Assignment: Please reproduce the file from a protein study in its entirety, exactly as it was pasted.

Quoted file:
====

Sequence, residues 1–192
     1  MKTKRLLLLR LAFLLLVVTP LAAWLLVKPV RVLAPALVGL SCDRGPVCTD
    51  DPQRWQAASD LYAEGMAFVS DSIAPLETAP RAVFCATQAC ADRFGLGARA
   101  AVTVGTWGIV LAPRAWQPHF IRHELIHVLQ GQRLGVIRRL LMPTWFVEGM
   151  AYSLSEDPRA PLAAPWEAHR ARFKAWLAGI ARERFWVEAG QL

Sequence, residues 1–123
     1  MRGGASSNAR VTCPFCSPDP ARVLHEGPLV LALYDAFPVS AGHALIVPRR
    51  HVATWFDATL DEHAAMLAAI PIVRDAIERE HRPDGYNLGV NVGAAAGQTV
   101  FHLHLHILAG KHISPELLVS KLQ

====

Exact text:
Sequence, residues 1–192
     1  MKTKRLLLLR LAFLLLVVTP LAAWLLVKPV RVLAPALVGL SCDRGPVCTD
    51  DPQRWQAASD LYAEGMAFVS DSIAPLETAP RAVFCATQAC ADRFGLGARA
   101  AVTVGTWGIV LAPRAWQPHF IRHELIHVLQ GQRLGVIRRL LMPTWFVEGM
   151  AYSLSEDPRA PLAAPWEAHR ARFKAWLAGI ARERFWVEAG QL

Sequence, residues 1–123
     1  MRGGASSNAR VTCPFCSPDP ARVLHEGPLV LALYDAFPVS AGHALIVPRR
    51  HVATWFDATL DEHAAMLAAI PIVRDAIERE HRPDGYNLGV NVGAAAGQTV
   101  FHLHLHILAG KHISPELLVS KLQ